On the other hand it could be argued that the implementation of these liberal reforms are more of an example of continuity of government policy rather than a clear break with the past, the government didn’t really embrace the idea of fair trade and they only saw it as a way of making more money for themselves. Even though the Corn Laws were changed they weren’t really amended to suit the poor. Overall I think that the Tories were liberal in there economic reform as it didn’t successfully increase trade and profit and reduced tariffs on many good, however they could of done much more and it seemed that many of the reforms that were introduced the ideas had already been spoken about before.
Peel tried to reform the home office in this period, one of the ways in which he intended on doing this was reforming the penal system. The penal code was far too severe over 200 offences including minor ones like stealing a loaf of bread, damaging Westminster Bridge and impersonating a Chelsea pensioner were punishable by death. Another 400 were punishable by hard labour in the convict settlements of Australia. In practise the system broke down because the juries often refused to convict if it meant execution for a trivial offence and many criminals went unpunished. Peel seemed to be a liberal reformer as the death penalty was abolished for over 180 crimes and it was left for the judge to decide whether the death penalty should be imposed. Punishments for other offences were less severe.
The barbaric practise of burying suicides crossroads with a stake through the heart was abolished. He was open about his motives and he understood the need for change. On the other hand Peel relied much on the work of Henry Hobhouse, the diligent and experienced under secretary he had inherited from Sidmouth. If Peel opened the way to the Whig reforms which reduced the number of capital crimes he did so unintentionally. Only noticeable change in the criminal law arrived only in the 1830’s under the Whig government. Another reform in the home office was the prison reform this was because the conditions in prisons were poor. They were overcrowded. Filthy, insanitary and disease ridden; child offenders were put with hardened criminals. The jailers were unpaid and were paid only by the prisoners themselves. The jails act removed some of the worst abuses of the prison system. Magistrates were to inspect prisons at least three times a quarter. However there was nothing liberal about this reform, Peel did little about the shortcomings in penal provision.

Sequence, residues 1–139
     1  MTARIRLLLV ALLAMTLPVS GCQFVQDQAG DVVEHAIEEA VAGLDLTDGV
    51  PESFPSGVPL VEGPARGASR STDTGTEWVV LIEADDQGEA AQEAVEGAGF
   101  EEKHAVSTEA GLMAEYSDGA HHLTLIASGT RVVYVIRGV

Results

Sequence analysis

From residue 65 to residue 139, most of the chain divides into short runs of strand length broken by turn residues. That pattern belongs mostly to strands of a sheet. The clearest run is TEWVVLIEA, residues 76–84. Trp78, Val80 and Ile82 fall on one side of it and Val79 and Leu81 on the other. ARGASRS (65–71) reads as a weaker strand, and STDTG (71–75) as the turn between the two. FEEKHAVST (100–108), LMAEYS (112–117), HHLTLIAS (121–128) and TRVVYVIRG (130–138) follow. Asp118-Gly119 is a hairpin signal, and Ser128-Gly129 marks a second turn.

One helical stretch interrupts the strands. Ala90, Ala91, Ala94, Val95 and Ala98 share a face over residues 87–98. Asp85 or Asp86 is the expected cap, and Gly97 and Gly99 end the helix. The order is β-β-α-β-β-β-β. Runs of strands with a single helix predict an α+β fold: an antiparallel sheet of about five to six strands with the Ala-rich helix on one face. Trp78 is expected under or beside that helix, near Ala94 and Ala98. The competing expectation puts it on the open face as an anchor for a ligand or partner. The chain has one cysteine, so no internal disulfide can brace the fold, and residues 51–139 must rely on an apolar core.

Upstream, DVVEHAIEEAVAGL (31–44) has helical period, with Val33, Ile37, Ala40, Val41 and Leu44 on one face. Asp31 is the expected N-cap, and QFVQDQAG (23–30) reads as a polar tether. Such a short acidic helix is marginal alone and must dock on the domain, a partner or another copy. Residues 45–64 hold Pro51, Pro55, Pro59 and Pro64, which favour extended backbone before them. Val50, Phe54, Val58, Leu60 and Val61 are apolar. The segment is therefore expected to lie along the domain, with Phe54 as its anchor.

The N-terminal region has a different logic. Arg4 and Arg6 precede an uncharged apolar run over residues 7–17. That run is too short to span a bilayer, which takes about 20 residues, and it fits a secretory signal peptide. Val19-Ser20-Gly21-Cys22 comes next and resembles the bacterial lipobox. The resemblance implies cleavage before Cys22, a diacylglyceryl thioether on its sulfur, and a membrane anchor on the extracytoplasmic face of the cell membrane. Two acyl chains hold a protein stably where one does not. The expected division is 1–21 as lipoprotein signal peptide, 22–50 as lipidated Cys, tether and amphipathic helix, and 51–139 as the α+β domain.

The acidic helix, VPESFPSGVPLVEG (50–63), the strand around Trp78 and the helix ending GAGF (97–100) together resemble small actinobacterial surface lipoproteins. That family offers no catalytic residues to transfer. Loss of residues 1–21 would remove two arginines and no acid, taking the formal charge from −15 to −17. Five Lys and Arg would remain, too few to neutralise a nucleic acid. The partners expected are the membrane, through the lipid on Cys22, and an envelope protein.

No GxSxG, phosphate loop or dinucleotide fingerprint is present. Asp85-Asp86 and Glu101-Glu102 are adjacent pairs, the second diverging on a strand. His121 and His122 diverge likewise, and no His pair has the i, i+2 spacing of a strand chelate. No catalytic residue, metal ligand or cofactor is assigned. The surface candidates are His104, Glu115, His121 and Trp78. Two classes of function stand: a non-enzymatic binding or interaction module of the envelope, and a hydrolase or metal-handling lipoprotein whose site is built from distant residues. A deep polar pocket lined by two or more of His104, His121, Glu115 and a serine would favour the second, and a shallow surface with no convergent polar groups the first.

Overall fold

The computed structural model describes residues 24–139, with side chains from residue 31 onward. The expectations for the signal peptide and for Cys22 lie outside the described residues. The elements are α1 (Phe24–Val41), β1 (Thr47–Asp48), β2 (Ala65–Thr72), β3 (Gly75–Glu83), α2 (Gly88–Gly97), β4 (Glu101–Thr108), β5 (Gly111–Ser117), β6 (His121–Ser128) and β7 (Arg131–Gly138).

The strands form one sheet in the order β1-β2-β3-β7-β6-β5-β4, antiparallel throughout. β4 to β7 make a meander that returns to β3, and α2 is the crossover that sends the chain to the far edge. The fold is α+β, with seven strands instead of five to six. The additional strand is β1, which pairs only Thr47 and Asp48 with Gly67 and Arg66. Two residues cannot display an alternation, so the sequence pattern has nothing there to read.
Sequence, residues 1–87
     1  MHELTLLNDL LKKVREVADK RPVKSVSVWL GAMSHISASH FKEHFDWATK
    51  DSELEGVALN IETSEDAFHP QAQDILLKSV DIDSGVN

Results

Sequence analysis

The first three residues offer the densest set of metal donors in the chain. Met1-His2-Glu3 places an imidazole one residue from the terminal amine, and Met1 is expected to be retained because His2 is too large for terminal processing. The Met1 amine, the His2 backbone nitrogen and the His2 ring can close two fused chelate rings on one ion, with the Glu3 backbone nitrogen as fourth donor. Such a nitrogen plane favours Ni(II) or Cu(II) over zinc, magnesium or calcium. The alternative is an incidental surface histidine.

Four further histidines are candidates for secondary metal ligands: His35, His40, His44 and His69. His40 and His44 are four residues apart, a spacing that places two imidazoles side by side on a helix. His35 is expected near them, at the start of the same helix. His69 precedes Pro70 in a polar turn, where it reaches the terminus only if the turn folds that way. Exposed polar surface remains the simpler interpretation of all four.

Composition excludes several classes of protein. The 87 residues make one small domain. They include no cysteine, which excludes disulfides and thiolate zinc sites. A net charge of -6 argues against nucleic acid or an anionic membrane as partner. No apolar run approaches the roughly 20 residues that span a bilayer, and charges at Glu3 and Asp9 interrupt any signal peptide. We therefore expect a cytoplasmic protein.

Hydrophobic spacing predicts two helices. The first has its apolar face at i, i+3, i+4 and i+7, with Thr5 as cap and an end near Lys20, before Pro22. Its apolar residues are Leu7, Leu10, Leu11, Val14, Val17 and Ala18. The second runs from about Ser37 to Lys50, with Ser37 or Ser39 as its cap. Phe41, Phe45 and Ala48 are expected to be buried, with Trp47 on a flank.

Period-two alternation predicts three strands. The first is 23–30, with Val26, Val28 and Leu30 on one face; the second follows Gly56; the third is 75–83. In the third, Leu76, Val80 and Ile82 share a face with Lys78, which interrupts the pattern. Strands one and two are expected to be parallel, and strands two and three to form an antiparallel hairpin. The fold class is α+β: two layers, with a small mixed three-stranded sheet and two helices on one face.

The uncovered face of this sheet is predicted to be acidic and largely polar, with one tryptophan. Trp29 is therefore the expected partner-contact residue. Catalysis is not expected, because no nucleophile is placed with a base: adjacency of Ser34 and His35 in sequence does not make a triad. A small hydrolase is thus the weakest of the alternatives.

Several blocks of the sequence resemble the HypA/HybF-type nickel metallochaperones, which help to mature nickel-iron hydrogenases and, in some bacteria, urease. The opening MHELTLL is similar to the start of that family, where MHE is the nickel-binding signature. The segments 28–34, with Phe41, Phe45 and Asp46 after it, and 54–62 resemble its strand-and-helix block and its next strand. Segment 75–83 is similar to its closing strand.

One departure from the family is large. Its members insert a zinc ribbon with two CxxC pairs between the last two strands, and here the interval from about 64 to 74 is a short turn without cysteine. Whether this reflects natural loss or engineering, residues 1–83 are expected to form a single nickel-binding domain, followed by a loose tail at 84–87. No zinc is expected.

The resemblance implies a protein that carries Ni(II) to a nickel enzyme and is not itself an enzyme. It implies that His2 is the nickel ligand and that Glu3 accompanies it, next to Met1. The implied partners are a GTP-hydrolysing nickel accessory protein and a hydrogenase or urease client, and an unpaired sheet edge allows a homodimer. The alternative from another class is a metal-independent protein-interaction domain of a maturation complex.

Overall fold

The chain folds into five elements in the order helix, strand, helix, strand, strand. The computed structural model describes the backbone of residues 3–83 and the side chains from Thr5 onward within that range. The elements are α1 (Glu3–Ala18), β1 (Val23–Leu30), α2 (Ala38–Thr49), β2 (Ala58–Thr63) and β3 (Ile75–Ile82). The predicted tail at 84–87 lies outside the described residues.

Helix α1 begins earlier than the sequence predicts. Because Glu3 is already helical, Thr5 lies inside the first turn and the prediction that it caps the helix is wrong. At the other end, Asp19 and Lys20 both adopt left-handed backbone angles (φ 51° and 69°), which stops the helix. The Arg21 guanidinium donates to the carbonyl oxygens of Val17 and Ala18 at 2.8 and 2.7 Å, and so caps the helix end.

Peel believed that evil should be punished and he supported the use of corporal punishments such as the whip and the treadmill. In other words, his aim was not to liberalise the prison regime. Rather, his aim was to make it work in a more uniform manner. Also, he was merely building on his experience as chief secretary of Ireland where in 1814 he had established an efficient police system. Gash points out that the 1823 jails act had been prepared by parliamentary committee and accepted by the government in 1821, he was simply implementing legislation that had been accepted by the government three years earlier. At first it seemed that the new reforms were very liberal as there seemed to be much change, however Peel was after more convictions and wanted to gain more control in certain aspects of the home office.